Sunday, September 21 2014

Parliamentary debates - Orders of the Day - Prevention and Suppression of Terrorism


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Parliamentary debates
Prevention and Suppression of Terrorism
Interfaith Strategy
Palestinian Occupied Territories
Orders of the Day - Counter-Terrorism Bill
International Development
Prevention and Suppression of Terrorism
Topical questions
Palestine
Middle East
Hearts and minds lies with Muslim women
Palestine
Integration and Cohesion
Intelligence and Security Committee (Annual Report)
Counter-terrorism Strategy
Orders of the Day - Prevention and Suppression of Terrorism
Incitement to Religious Hatred
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Orders of the Day - Prevention and Suppression of Terrorism

13 Oct 2005 : Column 466

Alan Simpson: I am well aware of that. We might also look at Harakat-ul-Jihad-ul-Islami, an organisation originally formed to fight the Soviets in Afghanistan. I suspect that, at that time, no one would have described it as a terrorist organisation. It was almost certainly founded with the covert backing of the CIA, and would have received direct funding from the CIA for its heroic acts of resistance to the Soviet occupation of Afghanistan. However, now that circumstances have changed and that group's hostilities are directed towards those whom it regards as the current occupiers of that country, it has become a terrorist organisation. Parliament must exercise greater judgment and scrutiny of the legitimacy of current threats and the impartiality of the lobbying that we receive from other Governments to add organisations to our list.

Two of the criteria for inclusion on the list apply to organisations whose principal aim is to overthrow legitimate Governments and to those that advocate armed struggle or the killing of the leaders of such Governments or of the Administrations that run their country. Bearing in mind those criteria, I would urge people to look at the website of the Christian Coalition of America, which is run by Rev. Pat Buchanan, who actively and openly advocates the assassination of President Hugo Chávez of Venezuela. If we are to be

13 Oct 2005 : Column 479

consistent, we should consider imposing a proscribing order on the Christian Coalition, too. Those who actively advocate the assassination of democratically elected leaders of Governments, and whose organisations platform such ideas openly on their websites, ought to be included in the banning order. The thing is, they are not Muslims. We take a very different view of Christian fundamentalists, including those who advocate armed insurgency and the killing of nationally elected leaders, because they are somehow part of civilisation. I worry when, at each stage of a banning process, we are faced with a list of organisations whose crime has been to shift allegiance from pro-western terrorism to anti-western terrorism, and which excludes organisations that advocate precisely the same acts of terrorism against regimes that the west does not like.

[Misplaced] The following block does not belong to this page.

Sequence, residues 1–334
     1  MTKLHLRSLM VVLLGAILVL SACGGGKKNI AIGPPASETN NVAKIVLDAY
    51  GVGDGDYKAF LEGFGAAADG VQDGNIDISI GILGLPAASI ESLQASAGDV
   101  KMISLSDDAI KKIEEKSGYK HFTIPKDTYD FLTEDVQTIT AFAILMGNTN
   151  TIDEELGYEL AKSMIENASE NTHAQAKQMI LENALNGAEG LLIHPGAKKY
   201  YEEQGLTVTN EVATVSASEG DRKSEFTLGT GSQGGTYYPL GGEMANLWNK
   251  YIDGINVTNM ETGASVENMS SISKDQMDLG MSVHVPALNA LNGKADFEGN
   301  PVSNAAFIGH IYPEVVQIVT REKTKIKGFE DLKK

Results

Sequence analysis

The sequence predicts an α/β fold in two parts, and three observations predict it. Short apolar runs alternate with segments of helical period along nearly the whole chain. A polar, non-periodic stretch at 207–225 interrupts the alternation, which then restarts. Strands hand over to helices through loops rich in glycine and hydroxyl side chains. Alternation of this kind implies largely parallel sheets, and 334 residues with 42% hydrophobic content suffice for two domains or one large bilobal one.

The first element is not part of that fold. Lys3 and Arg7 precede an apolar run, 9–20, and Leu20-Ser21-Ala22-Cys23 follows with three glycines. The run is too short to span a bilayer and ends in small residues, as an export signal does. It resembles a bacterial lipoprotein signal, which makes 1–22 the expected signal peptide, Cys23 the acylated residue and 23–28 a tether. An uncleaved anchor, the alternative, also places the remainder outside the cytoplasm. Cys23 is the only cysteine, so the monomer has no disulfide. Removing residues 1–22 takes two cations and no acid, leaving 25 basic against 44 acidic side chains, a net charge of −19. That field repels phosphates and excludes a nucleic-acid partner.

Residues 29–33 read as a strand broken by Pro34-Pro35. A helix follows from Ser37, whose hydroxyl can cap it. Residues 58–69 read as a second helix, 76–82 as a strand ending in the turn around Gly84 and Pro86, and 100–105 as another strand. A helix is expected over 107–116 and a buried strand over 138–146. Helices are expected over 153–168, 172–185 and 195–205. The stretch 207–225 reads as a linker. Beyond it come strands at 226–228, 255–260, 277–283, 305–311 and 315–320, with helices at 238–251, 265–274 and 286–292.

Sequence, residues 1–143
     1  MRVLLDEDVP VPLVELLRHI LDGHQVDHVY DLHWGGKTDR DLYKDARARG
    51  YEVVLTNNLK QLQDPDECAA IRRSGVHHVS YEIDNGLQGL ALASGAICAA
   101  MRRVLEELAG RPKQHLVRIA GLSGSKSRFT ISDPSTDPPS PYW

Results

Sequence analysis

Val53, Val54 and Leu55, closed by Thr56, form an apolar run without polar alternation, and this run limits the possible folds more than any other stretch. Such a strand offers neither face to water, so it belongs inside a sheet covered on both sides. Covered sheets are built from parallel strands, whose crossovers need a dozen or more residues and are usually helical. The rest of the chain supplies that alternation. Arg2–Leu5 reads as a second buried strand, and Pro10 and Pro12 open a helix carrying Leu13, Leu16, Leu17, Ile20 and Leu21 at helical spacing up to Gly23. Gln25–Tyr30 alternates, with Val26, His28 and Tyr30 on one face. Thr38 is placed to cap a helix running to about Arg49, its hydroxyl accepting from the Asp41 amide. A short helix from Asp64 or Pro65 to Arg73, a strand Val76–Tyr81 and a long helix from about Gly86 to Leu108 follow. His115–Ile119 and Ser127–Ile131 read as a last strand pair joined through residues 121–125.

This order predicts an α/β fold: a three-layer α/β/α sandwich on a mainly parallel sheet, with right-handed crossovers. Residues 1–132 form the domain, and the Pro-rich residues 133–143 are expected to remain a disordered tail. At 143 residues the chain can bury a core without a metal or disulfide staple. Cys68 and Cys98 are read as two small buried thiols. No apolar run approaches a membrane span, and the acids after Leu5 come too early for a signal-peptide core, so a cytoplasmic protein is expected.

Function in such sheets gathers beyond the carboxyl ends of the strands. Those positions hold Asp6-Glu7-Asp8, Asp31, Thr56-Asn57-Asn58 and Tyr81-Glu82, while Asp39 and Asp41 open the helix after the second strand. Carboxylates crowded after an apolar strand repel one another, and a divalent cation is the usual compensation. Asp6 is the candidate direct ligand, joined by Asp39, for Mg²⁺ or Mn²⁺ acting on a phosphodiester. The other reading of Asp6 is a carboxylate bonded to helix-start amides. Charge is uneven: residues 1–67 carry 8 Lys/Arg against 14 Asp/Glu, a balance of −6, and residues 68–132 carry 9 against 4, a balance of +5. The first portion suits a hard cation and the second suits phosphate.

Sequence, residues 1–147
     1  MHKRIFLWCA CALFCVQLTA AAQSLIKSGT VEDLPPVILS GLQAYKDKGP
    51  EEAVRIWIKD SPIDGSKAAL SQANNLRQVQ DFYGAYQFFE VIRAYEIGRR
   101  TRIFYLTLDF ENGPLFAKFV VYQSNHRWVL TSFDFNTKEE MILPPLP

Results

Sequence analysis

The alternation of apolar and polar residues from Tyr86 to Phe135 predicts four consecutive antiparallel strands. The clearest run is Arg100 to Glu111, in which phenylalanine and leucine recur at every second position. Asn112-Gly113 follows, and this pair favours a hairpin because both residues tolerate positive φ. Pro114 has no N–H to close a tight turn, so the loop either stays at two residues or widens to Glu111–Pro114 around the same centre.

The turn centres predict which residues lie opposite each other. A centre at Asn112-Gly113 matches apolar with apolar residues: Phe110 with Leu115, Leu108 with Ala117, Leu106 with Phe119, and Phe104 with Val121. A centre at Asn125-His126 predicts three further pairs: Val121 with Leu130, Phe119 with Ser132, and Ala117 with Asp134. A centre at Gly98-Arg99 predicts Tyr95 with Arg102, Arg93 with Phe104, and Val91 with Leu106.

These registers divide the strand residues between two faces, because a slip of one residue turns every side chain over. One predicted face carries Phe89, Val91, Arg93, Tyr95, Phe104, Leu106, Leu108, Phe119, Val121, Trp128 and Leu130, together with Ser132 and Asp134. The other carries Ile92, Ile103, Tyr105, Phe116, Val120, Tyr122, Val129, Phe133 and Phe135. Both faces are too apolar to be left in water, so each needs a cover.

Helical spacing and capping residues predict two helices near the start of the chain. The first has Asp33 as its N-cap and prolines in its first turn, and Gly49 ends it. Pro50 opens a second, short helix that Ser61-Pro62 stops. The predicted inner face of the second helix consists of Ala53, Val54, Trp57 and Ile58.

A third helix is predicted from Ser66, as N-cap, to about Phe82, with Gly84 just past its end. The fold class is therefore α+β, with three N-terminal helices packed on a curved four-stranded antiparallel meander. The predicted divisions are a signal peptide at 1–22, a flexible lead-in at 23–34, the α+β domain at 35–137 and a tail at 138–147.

Simon Hughes:
I share the hon. Gentleman's views on this issue, and I also happen to be a member of the Christian Church. I believe that we do inter-faith and inter-community relations a disservice if we take a differential view. That is why, when we debate the Equality Bill, which will come before us soon, we must remember that protecting one faith in this country while not giving protection to the others represents a fundamental flaw in the equality with which we should treat all these issues in Parliament.

Patrick Mercer (Newark) (Con): I am grateful for being able to make a small contribution on the most important and dangerous subject facing Parliament at the moment. I am also grateful to be able to endorse the views of my Nottinghamshire colleague, the hon. Member for Nottingham, South (Alan Simpson). He has just made an extremely important contribution, which was not trivial in any way, shape or form. I welcome this opportunity because, like the hon. Gentleman, I believe that these organisations need to be considered in detail. We need to have time to debate what they stand for. We should not simply take a block of names, philosophies and confused ideologies, give them a convenient tag, and write them off. We need to look at the matter in detail.

I shall not oppose the Government today, and I praise the dispatch with which they have now chosen to move, but I wonder why they have taken so long to ban one, two or possibly three organisations that, so far as I can see, probably represent the same thing. I am concentrating particularly on the organisations that call themselves Ansar Al-Islam and Ansar Al Sunna. The Minister might equally have put on the list al-Qaeda in the Country of Two Rivers, and a series of other names by which these organisations go whenever it suits them.